I love pumpkin beer. Really. I mean, I luuuurrrvve it. I look forward to the fall and the first pumpkin beer of the season. And when I lived in Tucson I could get as much of it as I wanted. I could just go down to Plaza Liquor, where they sell hundreds of different brews, by the bottle, and knock myself out. Literally.
But now I live in Washington, where all the liquor stores are state-owned and focus more on actual liquor than on beer and wine and where the grocery stores, even the better ones, just don't have the selection I crave. So far I have seen only two pumpkin beers for sale here: Harvest Moon Pumpkin Ale (owned by Coors) and Jack's Pumpkin Spice Ale (owned by Anheuser-Busch). The beer snob in me finds this simply unacceptable.
What to do, what to do?
Since I started learning how to brew this summer the obvious answer is to make my own damn pumpkin beer. So I am.
A warning: I have only just started learning how to brew. So far I have only made two beers, each from a kit, plus today's pumpkin ale. I found the recipe called Thunderstruck Pumpkin Ale, by Yuri Rage, here. Credit where it's due. Because I'm so new I am doing the extract rather than the all-grain version.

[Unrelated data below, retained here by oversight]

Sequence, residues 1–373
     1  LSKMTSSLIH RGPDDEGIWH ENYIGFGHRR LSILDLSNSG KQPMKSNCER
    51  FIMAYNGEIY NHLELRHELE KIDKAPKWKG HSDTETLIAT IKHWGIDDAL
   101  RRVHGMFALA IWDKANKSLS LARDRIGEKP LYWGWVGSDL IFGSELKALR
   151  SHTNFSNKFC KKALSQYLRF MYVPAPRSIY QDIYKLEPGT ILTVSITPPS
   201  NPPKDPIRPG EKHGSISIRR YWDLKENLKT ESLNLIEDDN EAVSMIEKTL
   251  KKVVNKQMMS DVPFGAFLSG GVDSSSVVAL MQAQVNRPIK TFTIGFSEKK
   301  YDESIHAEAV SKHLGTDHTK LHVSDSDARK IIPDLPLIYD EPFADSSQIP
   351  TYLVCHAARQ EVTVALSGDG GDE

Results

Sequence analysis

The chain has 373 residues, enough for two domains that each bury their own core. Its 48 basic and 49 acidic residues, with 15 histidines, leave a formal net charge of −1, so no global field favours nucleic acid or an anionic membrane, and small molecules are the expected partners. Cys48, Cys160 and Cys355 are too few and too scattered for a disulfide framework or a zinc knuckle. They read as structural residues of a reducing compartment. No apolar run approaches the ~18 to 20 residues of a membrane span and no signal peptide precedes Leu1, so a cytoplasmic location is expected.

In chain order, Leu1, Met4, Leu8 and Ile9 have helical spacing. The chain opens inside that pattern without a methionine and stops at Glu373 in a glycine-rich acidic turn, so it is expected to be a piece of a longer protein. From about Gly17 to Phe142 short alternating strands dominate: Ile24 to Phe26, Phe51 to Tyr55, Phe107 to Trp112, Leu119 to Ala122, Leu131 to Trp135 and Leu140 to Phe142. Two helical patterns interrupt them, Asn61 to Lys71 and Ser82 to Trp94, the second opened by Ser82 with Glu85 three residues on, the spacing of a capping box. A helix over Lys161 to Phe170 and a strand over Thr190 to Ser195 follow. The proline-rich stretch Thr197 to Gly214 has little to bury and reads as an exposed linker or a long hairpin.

So how's it done?
Well, first you take 60 oz. pure pumpkin puree
and spread it out on a cookie sheet.
Then you bake it at 350 degrees for an hour.
I know, it looks pretty much the same, right? Notice the difference in color, though. Now that pumpkin is carmelized! While you're doing that you take your flavoring grains,
and put them in a mesh bag, which you steep in 155 degree water for about 45 minutes.
Once that's done you remove the grain bag and bring the pot to a boil, then you add the light malt extract
and the baked pumpkin and stir like crazy until it comes back to a boil, at which point you add your bittering hops
and start your timer.
After boiling for 50 minutes you add the Irish moss
which is apparently some kind of dried seaweed that helps to clarify the beer, and because of all that pumpkin puree this beer will need clarifying. Then you boil for 10 more minutes. Then you chill the mixture, which is called the wort. You can chill the wort any number of ways. I put the pot on ice and add enough cold filtered water to make 5 gallons. When the wort is chilled you strain it into the primary fermenter
aka Big White Bucket, add your yeast, seal it up, pop in the water-lock and wait. In two weeks I'll transfer it to a secondary fermenter, add the flavoring spices, and wait again. Two weeks after that I'll bottle it, and two weeks after that I'll taste it to see how it's doing. It will probably need to age a little bit more. And hopefully it won't suck. I think it'll be pretty good. I'll keep you posted.